History and Hydrocarbons Drive Italy’s Relations With North Africa

History and Hydrocarbons Drive Italy’s Relations With North Africa
Italian Premier Matteo Renzi and Egyptian President Abdel Fattah el-Sissi at a press conference, Rome, Italy, Nov. 24, 2014 (AP photo by Alessandra Tarantino).

Earlier this month, Italy cooperated with Libyan military commander Gen. Khalifa Haftar to ensure the delivery of 700,000 barrels of oil from eastern Libya, despite the fact that the Italian government officially supports the United Nations-backed national unity government in Tripoli that Haftar opposes. In an email interview, Silvia Colombo, a senior fellow at the Institute of International Affairs, discusses Italy’s policies in North Africa and the Middle East.

WPR: Who are Italy’s main partners in North Africa and the Middle East, and to what extent do hydrocarbons drive relations?

Silvia Colombo: Italy’s foreign policy has always had a distinct Mediterranean dimension. Italy’s relations with North Africa and the Middle East have traditionally been centered around Algeria and Libya as a result of important historical, geographical and commercial connections, most of all the Italian colonization of Libya from the 1910s until 1947. The presence of substantial hydrocarbon reserves in Algeria and Libya, and the ability of a company such as Italian energy giant ENI to establish preferential relations with the oil and gas authorities there, has provided a strong base for bilateral cooperation. In 2009, Algeria and Libya accounted for over 45 percent of Italy’s gas imports. Contrary to other European countries, Italy has always been perceived as a reliable commercial partner in the region and one that does not impose strict political conditions on bilateral cooperation.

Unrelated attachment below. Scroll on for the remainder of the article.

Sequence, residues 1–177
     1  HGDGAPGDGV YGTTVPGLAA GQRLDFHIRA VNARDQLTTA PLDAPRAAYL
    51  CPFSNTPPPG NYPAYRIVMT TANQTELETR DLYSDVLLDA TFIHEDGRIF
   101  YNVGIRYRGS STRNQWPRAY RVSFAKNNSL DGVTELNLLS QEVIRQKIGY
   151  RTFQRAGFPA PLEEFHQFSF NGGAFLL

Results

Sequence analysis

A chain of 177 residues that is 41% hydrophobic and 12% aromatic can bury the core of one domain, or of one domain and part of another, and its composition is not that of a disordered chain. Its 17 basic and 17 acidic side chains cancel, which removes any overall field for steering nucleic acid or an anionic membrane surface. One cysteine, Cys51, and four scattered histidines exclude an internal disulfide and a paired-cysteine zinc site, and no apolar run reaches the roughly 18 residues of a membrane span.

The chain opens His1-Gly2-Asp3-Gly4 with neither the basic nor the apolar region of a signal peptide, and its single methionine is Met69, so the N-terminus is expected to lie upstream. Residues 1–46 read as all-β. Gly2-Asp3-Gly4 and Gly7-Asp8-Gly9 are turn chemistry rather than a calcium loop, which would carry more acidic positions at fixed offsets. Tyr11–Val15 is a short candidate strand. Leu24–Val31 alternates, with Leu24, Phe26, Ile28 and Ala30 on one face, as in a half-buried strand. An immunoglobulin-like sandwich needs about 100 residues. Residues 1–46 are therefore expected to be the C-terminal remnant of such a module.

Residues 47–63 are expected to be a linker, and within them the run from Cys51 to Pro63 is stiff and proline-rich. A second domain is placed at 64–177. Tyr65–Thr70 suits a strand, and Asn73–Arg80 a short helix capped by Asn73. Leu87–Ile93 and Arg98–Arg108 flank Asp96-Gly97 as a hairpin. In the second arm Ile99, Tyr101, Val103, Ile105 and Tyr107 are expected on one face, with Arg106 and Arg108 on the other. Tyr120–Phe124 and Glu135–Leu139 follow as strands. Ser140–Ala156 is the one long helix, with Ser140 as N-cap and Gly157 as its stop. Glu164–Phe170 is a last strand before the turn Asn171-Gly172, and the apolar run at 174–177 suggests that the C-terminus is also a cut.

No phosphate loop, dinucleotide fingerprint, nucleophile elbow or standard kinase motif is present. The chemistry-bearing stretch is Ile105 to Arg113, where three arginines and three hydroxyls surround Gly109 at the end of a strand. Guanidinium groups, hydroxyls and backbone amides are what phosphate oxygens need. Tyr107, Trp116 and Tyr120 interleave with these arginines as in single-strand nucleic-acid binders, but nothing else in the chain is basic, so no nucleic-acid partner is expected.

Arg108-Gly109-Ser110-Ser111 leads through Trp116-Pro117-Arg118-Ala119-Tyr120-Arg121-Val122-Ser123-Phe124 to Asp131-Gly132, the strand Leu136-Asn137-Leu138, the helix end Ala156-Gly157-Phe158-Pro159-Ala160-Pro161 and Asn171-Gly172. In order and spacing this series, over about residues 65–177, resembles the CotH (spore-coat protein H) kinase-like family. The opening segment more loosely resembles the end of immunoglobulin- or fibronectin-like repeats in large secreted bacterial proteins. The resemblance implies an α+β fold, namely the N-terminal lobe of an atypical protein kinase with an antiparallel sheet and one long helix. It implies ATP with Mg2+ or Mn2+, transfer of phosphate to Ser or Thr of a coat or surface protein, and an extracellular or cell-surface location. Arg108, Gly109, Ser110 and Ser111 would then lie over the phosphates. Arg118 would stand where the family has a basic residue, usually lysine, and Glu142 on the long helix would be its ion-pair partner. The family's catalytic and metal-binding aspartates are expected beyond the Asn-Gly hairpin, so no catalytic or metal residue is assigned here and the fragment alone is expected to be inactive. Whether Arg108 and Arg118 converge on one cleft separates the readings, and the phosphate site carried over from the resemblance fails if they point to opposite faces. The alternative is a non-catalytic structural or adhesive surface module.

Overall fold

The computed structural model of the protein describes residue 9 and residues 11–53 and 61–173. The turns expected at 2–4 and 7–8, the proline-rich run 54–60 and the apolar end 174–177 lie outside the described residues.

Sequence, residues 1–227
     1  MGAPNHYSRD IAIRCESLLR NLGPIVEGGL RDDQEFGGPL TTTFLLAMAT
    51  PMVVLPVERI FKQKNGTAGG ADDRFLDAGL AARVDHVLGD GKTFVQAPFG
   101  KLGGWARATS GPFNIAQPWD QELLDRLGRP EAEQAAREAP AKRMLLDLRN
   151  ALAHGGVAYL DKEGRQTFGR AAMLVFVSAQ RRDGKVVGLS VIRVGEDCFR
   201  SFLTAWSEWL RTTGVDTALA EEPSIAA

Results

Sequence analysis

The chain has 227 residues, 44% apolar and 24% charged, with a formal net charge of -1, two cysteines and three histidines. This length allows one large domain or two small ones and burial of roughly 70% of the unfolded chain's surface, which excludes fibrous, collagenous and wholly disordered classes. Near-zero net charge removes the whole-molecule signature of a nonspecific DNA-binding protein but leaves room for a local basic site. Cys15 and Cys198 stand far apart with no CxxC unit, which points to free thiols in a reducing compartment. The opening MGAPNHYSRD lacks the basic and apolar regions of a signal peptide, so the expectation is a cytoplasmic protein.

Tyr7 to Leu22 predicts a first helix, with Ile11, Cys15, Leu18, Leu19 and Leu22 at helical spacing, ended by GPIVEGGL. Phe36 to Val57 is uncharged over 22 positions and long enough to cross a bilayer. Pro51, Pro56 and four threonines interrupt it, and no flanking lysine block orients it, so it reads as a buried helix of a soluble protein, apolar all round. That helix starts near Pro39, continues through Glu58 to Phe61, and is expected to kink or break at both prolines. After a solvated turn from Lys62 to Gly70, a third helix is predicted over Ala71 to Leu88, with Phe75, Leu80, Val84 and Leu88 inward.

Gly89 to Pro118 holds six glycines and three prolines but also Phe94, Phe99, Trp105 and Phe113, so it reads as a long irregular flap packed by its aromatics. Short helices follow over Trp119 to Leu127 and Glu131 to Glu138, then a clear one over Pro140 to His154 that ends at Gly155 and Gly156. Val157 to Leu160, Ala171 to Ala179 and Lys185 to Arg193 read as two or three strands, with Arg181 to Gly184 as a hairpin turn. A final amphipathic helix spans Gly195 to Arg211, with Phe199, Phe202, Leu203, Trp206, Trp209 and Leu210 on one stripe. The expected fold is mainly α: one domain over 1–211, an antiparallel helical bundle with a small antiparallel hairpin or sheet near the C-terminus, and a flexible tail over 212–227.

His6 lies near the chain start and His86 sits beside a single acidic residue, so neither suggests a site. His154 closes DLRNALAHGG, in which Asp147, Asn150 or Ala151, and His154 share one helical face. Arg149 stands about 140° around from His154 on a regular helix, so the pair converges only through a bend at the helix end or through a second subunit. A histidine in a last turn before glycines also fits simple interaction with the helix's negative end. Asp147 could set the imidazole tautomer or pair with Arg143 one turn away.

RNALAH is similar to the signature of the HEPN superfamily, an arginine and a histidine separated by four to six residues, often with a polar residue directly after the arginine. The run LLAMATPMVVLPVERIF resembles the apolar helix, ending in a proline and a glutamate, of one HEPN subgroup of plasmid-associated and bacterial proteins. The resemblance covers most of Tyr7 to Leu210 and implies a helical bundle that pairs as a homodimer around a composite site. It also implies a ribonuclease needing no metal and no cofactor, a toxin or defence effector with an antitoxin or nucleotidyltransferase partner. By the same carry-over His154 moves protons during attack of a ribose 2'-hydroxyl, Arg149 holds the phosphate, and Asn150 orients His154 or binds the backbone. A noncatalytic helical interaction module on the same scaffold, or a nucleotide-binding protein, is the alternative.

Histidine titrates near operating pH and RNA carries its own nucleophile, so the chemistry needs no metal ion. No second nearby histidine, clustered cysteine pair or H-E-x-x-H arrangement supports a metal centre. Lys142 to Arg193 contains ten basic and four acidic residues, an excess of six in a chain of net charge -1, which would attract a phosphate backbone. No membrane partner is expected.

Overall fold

Keep reading for free!

Get instant access to the rest of this article by submitting your email address below. You'll also get access to three articles of your choice each month and our free newsletter:

Or, Subscribe now to get full access.

Already a subscriber? Log in here .

What you’ll get with an All-Access subscription to World Politics Review:

A WPR subscription is like no other resource — it’s like having a personal curator and expert analyst of global affairs news. Subscribe now, and you’ll get:

  • Immediate and instant access to the full searchable library of tens of thousands of articles.
  • Daily articles with original analysis, written by leading topic experts, delivered to you every weekday.
  • Regular in-depth articles with deep dives into important issues and countries.
  • The Daily Review email, with our take on the day’s most important news, the latest WPR analysis, what’s on our radar, and more.
  • The Weekly Review email, with quick summaries of the week’s most important coverage, and what’s to come.
  • Completely ad-free reading.

And all of this is available to you when you subscribe today.

More World Politics Review